You have heard it before—make a budget, review the budget, cut expenses, squeeze and squeeze, but honestly, there is only so much of this that one can do. Unless you are a big spender, you probably have already trimmed the excesses and are living a financially modest life. Drowning in debt can make you depressed, but so can forcing yourself to live on pennies.
The expenses of daily living can be overwhelming, especially in today’s economic climate. But even if you have a handle on this, there are the “surprises” that suddenly force you to spend money you had not budgeted, nor saved, or to take out another loan, assuming you qualify. Your balance sheet begins to look worse than the federal government, which itself seems to be teetering on the verge of bankruptcy. Wouldn’t it be great to have money left over to pay off those credit card bills and other consumer loans? To be able to put money away for retirement? To have a savings account to cover those “surprise” expenses? Maybe even invest? Travel? Have some fun?
Here are ten easy tips to help you get started on your journey of making more money. Remember, this is a general list of ideas. You have to do a self-assessment and decide which ones are practical for you.
- Demand a raise. How long have you been with the company? Have your salary increases been appropriate to your responsibilities and qualifications? Are they on par with your colleagues? Many employees are afraid to actively pursue a salary increase, preferring instead the more passive approach of just waiting for it to show up in the pay stub. If you need to improve your income, and you like your current job, the first step is to get more money going into your paycheck. Prepare yourself with a full accounting of your accomplishments and why you should be awarded a raise. Be assertive and persistent. It pays off.
- Look for a new job. If you fail to secure the pay raise, and your salary is not adequate to do all the things we discussed above, then the next step is to look for a new job. It may be a tight job market, but polish off your resume, employ a head-hunter, and explore your horizons. You may be surprised to find that you land a job with a competitor company at a much better salary. Be sure to keep your current job, though, until you land something new. Sometimes, when you resign your position to take that new job, your employer will offer to match the salary in order to keep a seasoned and valuable employee.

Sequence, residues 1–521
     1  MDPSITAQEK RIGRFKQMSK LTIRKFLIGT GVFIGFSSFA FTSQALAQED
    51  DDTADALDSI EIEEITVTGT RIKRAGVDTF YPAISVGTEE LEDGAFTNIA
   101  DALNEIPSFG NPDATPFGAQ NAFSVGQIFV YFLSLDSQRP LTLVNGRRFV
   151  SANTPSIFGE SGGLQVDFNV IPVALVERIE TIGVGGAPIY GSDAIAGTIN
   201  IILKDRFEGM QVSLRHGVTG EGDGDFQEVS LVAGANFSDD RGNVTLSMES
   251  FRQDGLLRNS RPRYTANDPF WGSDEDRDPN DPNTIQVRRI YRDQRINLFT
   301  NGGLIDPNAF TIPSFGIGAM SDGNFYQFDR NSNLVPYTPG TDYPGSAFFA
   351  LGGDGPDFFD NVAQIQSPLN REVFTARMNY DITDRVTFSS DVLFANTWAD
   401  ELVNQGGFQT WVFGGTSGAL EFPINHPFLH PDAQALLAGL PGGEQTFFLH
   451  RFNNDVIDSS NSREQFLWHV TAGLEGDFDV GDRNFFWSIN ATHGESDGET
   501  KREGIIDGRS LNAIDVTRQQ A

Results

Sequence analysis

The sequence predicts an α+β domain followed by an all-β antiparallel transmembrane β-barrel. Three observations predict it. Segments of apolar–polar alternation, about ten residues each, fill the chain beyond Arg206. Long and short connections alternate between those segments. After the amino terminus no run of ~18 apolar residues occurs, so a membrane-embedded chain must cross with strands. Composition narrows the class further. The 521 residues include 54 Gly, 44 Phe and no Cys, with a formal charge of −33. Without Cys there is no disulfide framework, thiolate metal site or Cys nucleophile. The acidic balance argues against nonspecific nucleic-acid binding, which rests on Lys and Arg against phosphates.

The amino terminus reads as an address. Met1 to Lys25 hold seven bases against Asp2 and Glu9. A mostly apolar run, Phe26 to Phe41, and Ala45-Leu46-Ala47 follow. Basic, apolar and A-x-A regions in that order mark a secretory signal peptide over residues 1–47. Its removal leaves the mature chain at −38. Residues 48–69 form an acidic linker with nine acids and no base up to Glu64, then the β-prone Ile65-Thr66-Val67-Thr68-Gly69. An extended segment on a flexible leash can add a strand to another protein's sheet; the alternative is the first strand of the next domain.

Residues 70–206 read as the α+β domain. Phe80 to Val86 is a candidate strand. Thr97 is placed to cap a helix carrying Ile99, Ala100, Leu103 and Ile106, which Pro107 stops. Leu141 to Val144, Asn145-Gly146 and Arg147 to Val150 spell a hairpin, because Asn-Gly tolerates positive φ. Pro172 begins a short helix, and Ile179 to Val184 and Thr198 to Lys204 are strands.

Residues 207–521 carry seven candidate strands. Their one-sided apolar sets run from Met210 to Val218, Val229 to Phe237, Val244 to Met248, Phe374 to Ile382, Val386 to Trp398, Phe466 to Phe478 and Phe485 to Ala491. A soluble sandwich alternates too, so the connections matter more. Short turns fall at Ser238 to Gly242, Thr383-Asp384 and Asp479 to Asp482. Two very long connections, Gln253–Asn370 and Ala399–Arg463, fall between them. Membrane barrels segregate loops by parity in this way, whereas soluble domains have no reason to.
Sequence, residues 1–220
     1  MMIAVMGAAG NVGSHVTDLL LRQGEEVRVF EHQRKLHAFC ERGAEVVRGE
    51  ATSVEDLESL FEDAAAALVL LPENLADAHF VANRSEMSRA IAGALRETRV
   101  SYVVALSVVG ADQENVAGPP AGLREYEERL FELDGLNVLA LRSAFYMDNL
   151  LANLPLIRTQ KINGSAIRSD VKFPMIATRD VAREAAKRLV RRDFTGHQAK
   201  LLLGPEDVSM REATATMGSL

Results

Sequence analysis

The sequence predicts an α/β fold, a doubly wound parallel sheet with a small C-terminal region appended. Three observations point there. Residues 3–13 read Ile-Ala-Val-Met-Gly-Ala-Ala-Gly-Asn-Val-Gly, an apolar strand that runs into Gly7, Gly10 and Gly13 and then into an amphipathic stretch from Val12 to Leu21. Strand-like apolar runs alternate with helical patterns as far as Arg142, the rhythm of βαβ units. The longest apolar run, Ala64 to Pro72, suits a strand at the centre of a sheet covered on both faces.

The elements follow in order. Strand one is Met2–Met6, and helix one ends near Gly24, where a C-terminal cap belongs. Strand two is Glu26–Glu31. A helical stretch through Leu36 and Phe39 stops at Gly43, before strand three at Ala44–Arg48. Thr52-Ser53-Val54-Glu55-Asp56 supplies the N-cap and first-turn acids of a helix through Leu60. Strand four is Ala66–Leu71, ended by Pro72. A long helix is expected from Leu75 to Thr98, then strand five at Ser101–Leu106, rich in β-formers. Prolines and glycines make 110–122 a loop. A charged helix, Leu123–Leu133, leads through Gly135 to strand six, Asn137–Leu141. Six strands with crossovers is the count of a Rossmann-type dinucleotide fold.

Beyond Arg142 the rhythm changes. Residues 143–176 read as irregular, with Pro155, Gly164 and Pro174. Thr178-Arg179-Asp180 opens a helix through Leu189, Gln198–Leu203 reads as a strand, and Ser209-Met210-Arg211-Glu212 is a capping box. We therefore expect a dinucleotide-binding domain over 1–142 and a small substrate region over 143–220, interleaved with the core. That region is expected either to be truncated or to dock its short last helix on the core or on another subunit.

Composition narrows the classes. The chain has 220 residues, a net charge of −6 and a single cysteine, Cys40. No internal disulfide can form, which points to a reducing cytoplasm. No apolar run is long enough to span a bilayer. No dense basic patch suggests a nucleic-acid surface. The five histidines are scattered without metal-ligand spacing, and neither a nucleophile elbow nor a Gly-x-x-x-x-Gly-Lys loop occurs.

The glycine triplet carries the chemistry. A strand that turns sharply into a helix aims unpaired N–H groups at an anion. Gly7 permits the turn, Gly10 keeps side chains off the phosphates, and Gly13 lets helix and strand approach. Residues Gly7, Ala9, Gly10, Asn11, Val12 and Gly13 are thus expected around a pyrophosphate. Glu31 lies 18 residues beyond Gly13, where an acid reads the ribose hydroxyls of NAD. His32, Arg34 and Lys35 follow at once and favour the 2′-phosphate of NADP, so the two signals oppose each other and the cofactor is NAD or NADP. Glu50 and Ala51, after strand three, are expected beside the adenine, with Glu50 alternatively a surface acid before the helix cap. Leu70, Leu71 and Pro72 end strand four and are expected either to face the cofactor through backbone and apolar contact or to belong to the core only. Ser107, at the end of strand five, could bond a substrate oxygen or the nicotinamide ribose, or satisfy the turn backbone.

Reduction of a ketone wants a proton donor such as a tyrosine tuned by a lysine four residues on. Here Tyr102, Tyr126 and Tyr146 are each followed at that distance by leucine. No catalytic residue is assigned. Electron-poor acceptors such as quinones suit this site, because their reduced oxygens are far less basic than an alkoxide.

Let’s say though that you like your current job, and you do not get the raise in salary that you need, then what? Take on a second, part-time job. Here are some examples:
- Do you have a special skill? Become a coach or mentor in your field to help others achieve success.
- Like art? Take your art hobby to the next level and professionalize: sell your art on the internet or at weekend art shows and fairs.
- If you already have a car and like to drive, become a part-time driver. You can narrow the service down, say, to airport runs. You might have a very lucrative side-business this way. Put yourself on Uber and Lyft.
- Try waitressing or bartending. Bartenders, especially, can earn a very good salary.
- Clean homes or offices. Private cleaning companies can be quite successful. You can start out doing the work yourself, and once you have established sufficient clientele, hire staff. It could be that you have so much success with this, that you quit your regular job.
- Comfortable with blogs or websites? Set up a website or start blogging, and take advantage of passive income from ads and affiliate links. Check out GoogleAdSense or Clicksor.
- If you are a good photographer or musician, hire yourself out for weddings or other special occasions.
- Start a B&B. Have a nice house with an extra room? Not using that guest suite down in the basement any longer? Repair, paint, add nice luxurious furnishings and bed linens, make sure it has its own bathroom and advertise on sites such as Homeaway, Airbnb or VRBO.
Once you succeed in increasing your income, don’t forget to put the extra money toward improving your financial standing—reducing debt, paying off credit card bills and consumer loans, even the mortgage. Do everything you can to improve your credit rating. The best is to be debt-free so you can also be worry-free.